DSCF6244The first thing to say is that The Druids from Peter Berresford Ellis was written in a delicious way. More than just an amount of information given as absolute facts, he discusses theories and points of views in an instigating debate about the sources and the trustworthiness of the Classical authors.  His argument about the lack of critical analysis, even from scholarship, when dealing with Romans commentaries about the Celts is refreshing and, for this only, it would be an excellent book for anyone interested in Celtic cultures.

As the first chapter begins, the richness of information about the Celtic place and spread through Europe and their alliances and battles is so objective and colorful that we forget we are reading a scholarly book. On the other hand, there is a price to all this easy read, it fails in provide some evidences for what he says. The book has poor references for the facts and sometimes it seems that he is just telling a story. However, it is surprisingly plentiful on citations and theoretical debate, which gives a good notion of the complexity of the subject.

It is impressive how he can say in so many words that the Indo European culture is a hypothetical linguistic theory and convince the reader that this is essential to understand the Celts, while he heads to explain the warfare and the social division among them and the origin and the role of the Druids in the Celtic Culture. He provided to me a new perspective about the Indo-European hypothesis that no great linguistic could do before, for he put it in the form of a cultural approach, more than just a linguistic comparative idea of similar words.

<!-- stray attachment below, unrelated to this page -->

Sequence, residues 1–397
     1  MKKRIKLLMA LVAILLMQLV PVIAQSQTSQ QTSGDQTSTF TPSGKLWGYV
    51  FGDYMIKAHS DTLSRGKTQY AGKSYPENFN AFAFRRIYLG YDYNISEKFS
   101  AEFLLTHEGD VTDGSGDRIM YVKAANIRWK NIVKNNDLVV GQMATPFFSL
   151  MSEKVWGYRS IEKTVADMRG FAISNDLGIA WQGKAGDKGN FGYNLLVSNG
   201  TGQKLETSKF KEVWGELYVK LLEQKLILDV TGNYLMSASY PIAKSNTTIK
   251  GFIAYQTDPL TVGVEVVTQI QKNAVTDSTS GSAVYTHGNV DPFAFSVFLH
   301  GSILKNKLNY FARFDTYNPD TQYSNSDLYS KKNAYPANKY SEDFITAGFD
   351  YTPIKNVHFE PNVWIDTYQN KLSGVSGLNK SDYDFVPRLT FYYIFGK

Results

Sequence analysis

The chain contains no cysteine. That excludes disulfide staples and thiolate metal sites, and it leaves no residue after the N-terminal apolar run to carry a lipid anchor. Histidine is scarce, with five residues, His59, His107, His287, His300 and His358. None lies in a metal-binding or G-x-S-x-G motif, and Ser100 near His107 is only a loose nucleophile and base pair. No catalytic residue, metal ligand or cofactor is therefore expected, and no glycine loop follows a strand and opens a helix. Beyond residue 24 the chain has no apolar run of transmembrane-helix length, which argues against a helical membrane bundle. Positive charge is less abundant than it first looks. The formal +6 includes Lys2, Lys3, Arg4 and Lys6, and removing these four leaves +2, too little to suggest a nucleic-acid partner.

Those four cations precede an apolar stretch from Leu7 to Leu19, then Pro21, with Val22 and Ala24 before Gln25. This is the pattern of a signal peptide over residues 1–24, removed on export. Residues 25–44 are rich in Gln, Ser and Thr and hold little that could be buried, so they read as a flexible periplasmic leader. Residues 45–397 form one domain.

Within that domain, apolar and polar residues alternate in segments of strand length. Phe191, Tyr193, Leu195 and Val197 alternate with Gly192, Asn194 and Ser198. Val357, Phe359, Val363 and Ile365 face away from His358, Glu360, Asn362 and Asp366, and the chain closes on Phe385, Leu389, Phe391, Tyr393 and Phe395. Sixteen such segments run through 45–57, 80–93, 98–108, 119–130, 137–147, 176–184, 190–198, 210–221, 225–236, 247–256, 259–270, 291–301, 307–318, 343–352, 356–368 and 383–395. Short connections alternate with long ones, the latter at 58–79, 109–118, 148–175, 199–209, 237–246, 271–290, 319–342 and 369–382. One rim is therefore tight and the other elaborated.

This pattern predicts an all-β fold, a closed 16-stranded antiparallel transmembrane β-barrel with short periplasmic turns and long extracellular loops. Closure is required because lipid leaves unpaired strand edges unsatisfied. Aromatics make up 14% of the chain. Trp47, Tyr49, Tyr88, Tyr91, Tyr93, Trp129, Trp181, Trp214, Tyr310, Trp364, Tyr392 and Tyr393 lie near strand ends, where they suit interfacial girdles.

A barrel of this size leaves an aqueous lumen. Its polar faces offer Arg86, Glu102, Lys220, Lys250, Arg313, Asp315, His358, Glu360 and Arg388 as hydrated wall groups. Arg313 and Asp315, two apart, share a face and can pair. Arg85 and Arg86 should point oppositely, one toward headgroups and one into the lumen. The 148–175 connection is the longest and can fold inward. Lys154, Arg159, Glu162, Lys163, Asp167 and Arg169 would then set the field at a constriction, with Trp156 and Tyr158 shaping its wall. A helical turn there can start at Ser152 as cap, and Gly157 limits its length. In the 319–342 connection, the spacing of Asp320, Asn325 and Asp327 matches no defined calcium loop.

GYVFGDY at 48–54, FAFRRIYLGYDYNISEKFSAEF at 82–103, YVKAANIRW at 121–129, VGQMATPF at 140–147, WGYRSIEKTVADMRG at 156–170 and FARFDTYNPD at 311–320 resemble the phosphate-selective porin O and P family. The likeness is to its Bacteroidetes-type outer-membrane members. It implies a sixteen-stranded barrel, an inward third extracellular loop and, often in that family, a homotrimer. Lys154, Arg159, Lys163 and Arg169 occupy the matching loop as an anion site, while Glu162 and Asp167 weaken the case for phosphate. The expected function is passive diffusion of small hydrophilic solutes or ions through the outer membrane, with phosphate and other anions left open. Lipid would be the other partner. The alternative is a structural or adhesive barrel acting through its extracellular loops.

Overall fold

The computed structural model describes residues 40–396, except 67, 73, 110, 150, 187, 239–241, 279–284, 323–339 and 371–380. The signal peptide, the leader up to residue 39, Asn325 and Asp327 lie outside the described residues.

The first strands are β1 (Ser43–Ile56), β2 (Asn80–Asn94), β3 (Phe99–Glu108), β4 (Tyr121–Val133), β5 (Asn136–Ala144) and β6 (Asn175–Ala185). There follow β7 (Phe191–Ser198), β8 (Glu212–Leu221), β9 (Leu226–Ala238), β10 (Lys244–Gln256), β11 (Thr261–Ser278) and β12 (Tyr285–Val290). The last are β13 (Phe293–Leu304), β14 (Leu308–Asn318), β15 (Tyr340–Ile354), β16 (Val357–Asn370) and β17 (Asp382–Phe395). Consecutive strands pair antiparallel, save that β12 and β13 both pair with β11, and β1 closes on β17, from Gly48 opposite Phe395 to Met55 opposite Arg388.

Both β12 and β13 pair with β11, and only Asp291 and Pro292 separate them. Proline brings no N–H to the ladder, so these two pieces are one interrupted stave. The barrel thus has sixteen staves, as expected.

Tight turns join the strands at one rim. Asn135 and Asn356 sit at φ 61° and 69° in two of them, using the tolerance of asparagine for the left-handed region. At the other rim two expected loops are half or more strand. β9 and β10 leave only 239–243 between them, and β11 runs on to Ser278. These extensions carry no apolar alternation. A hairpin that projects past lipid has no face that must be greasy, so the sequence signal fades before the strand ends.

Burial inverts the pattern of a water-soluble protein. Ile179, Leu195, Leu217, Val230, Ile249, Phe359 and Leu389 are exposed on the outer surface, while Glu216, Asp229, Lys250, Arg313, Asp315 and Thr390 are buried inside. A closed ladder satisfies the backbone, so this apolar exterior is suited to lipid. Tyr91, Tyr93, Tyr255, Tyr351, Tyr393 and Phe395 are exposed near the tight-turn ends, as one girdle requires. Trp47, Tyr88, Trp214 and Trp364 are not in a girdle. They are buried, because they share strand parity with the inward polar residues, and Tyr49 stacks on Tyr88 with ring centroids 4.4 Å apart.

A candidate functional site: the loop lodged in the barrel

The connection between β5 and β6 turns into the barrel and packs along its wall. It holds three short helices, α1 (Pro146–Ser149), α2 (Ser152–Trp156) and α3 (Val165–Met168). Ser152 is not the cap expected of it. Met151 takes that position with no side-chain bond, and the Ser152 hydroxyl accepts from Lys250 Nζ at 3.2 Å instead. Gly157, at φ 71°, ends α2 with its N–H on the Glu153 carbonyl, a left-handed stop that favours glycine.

But this is a book about Druids and while he presents them as intellectuals and brings up issues as sacrifices, their connections with the oak, Druidesses and their high status and prominence, it seems clear that he is reproducing the same mistake that he ascribes to those who accept the classical descriptions as an unquestionable truth. Even though he analyses the Roman and Greek sources with a lucid critical methodology, he does the opposite when dealing with the Christian compilations and commentaries as if they were Celts, for no background about it is mentioned to deal with their interferences in the content of their compilations or political matters interfering in the writing of the Saint’s lives.

In general, this book is a great source of information. Its questions and abundant amount of argumentations given during the exploration of the themes are exceptionally worthy, but some care is needed to deal with his conclusions and choices. At the end, as he deals with Druidism revival and Witchcraft it makes me wonder how would be the next chapter if he included Celtic Reconstructionism and ADF Druidism in it.